At this point you have the skeleton of a huge portal site with a lot of features: a user poll, a list of who’s online, user registration, links, comments, stories, trackbacks, places for static pages — it’s all “live” at this point, but as you’d expect, there’s some necessary configuration to do.
The main configuration values are kept in a file called config.php. They includes the name of the site, its “slogan,” and its menu bar links. The file is easily edited, and changes take effect immediately.
|Geeklog admin console – click to enlarge|
When you install Geeklog, you’re given an “admin” user account. The admin account has access to a special section of the site that contains all the administrative actions, such as making polls and adding new entries (“stories”) to the site.
It’s possible to make a nice-looking layout for individual story entries, but doing anything fancy takes getting used to composing in the story editor. The choice of editor is configurable; Geeklog’s default is to use Frederico Caldeira Knabben’s popular FCKeditor Web board message editor, but it isn’t configured to default to HTML, so if you plan to write your blog entries in hand-coded HTML, you’ll have to add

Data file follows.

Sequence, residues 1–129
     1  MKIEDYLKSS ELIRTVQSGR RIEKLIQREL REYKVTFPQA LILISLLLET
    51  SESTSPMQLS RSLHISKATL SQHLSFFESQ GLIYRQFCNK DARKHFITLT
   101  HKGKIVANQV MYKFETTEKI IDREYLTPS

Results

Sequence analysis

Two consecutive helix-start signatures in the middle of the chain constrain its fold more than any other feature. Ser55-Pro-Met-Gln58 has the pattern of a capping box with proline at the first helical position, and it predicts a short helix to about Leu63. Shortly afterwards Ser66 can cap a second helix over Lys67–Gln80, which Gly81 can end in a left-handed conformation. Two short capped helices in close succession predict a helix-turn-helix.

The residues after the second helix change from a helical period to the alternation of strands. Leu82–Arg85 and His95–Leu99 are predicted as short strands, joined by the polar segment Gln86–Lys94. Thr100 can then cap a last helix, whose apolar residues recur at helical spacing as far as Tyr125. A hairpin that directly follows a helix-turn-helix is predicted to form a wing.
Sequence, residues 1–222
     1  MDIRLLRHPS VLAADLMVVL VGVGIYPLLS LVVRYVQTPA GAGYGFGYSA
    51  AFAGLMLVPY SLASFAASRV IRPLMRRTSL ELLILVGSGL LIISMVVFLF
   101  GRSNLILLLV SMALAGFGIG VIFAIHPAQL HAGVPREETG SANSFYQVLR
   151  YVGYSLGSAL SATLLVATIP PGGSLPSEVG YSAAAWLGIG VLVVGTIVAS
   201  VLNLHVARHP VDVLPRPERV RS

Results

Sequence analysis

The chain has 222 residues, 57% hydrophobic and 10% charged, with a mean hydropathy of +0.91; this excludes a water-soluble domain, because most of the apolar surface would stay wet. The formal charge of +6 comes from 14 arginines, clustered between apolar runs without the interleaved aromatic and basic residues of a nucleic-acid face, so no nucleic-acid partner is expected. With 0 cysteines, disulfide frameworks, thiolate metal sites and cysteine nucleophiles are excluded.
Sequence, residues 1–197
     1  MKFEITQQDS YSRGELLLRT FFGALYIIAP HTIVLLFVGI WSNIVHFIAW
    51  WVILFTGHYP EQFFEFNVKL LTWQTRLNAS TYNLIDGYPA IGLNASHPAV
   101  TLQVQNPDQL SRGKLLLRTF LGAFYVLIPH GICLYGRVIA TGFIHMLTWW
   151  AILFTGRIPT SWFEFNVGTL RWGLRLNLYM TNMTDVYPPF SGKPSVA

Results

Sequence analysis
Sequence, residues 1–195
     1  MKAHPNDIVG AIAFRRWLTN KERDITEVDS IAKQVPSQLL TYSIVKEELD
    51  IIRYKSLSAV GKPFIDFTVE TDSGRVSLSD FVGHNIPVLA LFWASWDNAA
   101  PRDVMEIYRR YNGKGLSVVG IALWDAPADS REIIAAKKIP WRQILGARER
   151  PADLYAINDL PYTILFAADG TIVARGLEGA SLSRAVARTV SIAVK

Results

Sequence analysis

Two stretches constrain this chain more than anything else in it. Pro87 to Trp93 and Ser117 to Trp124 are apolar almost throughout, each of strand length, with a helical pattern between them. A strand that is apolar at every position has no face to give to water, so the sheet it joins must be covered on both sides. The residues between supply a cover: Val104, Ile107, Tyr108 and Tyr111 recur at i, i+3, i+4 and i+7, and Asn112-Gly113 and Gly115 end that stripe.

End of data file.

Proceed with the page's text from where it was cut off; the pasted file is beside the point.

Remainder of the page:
$_CONF['postmode'] = 'html' to your config.php file. Otherwise, posts are assumed to be plain text and any tags you use in your document will be inserted as literal body text, unless you select HTML at the bottom of the page — which is easy to forget to do, especially if you’re in a hurry.
Geeklog allows only certain tags by default, and uses the kses filter to strip other tags out of posts. By default, even admins can’t use
IMG tags. To include images in a story, you upload them from your local filesystem using the menus provided, and then reference them in the body of the story with
[imageX] (where X is the number of the image associated with that story). The other image tags are
[imageX_right], which give you some basic formatting options.